Society. tions of the friends of peace. The pro- In forming a society, which it is hoped spect which your letter afforded of the may have an extensive influence, we, the formation of similar institutions in Europe, subscribers, deen it proper to make a congave new animation to the author of these cise declaration of our mctives and objects. pamphlets, and to those who adopted his We have been strongly impressed, by views; and the subject of a “ Peace So- considering the manifold crimes and treciety" continued to be agitated, until in mendous calanities of public war, and the the course of last inouth the desirable ob- melanchol; insensibility which has been ject was effected. Several gentlemen of induced by education and babit, in regard Boston and its vicinity assembled to cousi- to this post barirous, destructive, and allder the expediency of combining their cbristicu custiu. Our carpest wist is, efforts for the diffusion of pacific sen'i- that nen may be brought to view war in ments. A degree of zeal, which the best a just light, to see clearly its bålsful infriends of the cause tad not anticipated,' Huence on the political, moral, and relia was expressed, and the society was formed gious conaition of communities, and it's and organized. I enclose you the consti- opposition to the design and spirit of the tution, and several pamphlets which have gospel. Mest carnestly do we desire that been distributed on the subject, together bien may be brought to feel that a spirit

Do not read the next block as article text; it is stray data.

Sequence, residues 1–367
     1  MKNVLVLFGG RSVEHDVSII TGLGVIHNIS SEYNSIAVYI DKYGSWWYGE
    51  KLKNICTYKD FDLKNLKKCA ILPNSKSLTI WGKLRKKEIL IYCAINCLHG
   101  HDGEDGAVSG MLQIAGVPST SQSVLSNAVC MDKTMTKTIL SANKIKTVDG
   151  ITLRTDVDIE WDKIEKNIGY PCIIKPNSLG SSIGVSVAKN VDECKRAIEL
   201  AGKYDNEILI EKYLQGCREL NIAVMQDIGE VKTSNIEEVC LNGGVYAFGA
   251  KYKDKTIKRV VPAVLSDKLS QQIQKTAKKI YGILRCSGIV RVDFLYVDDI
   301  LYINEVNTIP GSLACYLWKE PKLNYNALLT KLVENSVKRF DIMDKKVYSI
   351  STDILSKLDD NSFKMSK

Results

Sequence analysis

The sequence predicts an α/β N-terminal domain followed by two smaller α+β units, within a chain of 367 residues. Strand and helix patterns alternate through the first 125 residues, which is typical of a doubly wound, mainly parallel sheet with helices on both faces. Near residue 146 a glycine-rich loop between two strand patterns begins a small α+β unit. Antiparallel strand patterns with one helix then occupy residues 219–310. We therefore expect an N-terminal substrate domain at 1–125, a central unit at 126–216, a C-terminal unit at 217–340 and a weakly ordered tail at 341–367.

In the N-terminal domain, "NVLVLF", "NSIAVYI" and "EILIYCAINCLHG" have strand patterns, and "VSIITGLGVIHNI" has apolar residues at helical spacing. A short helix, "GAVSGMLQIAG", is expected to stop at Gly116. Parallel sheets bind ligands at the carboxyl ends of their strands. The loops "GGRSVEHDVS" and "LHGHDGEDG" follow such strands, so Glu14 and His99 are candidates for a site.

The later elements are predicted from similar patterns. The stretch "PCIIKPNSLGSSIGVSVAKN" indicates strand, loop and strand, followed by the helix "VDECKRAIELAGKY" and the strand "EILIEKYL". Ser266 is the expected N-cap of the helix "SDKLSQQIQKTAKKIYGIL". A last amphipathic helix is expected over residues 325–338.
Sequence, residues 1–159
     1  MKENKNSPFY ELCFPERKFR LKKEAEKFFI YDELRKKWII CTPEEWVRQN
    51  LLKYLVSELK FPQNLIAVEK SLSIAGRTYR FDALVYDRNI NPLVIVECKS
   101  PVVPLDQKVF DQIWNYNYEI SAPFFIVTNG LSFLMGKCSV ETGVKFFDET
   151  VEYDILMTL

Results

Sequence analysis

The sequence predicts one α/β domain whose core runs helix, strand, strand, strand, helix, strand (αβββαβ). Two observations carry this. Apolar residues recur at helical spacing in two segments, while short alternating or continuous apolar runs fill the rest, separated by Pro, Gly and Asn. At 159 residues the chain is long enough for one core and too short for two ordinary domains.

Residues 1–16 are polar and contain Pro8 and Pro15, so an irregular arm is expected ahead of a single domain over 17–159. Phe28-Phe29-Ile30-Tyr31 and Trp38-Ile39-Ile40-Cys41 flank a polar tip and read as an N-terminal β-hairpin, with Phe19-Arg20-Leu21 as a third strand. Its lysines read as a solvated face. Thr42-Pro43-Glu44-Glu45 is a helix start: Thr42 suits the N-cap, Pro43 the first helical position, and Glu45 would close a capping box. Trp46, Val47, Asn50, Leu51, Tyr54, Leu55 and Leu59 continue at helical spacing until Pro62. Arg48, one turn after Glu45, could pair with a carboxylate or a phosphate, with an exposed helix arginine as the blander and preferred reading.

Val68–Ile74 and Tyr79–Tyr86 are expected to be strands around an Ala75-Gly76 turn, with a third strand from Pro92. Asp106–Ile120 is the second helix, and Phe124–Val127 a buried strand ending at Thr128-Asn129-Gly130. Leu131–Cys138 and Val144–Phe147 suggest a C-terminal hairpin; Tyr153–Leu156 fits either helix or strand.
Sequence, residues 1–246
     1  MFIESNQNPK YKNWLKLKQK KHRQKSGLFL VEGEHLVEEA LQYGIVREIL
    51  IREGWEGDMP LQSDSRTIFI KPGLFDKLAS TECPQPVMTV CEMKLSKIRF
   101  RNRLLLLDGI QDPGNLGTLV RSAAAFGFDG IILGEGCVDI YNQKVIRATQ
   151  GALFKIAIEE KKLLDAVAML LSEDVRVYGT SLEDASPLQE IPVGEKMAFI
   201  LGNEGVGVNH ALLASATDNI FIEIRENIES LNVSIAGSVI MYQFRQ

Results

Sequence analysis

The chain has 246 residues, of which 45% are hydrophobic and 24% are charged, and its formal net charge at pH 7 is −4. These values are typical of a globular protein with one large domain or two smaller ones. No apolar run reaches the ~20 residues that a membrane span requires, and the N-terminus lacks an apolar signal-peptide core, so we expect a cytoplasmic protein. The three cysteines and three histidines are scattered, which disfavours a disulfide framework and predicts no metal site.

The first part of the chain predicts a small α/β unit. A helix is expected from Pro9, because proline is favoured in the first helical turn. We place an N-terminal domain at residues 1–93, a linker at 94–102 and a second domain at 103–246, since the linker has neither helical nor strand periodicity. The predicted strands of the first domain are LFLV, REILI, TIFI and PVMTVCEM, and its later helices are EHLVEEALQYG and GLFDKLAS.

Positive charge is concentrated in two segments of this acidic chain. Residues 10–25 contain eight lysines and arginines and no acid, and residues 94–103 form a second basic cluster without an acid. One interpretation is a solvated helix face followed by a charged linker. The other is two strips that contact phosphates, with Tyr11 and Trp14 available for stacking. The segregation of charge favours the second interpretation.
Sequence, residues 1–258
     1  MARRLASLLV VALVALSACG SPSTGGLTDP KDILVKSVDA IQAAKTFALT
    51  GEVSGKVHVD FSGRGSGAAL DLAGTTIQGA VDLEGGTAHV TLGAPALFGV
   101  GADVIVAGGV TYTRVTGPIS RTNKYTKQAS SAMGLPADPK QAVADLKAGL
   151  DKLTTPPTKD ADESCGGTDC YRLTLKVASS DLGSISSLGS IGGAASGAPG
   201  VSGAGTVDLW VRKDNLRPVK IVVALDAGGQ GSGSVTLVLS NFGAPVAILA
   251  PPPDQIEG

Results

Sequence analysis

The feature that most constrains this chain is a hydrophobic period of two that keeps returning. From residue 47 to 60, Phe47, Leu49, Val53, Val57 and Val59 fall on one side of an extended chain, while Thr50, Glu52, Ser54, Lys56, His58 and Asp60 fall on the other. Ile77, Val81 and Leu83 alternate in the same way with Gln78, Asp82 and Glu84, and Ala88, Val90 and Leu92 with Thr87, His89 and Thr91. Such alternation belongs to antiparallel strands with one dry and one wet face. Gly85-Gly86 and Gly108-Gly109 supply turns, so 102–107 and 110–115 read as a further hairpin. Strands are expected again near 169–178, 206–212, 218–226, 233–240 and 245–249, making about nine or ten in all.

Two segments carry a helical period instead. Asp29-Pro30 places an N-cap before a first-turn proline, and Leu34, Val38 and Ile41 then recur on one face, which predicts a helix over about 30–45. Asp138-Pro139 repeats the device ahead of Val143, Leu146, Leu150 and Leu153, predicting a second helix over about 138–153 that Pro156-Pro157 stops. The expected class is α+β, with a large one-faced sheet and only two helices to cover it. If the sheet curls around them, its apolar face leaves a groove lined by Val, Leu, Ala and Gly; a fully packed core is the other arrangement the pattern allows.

Mr. Scargill on Anterican Peace Society. of conquest is among the most atrocious in the gospel of his beloved Son. We of crimes; that the thirst for military there behold him as “the God of peace," glory is inhuman, and ruinous; and that and we have a cheering hope that he will the true dignity and happiness of a people own and prosper a society of peace-makers. result from impartial justice towards all It is well kuown that a diversity of sennations, and the spirit and virtues of peace. timent has existed among Christians on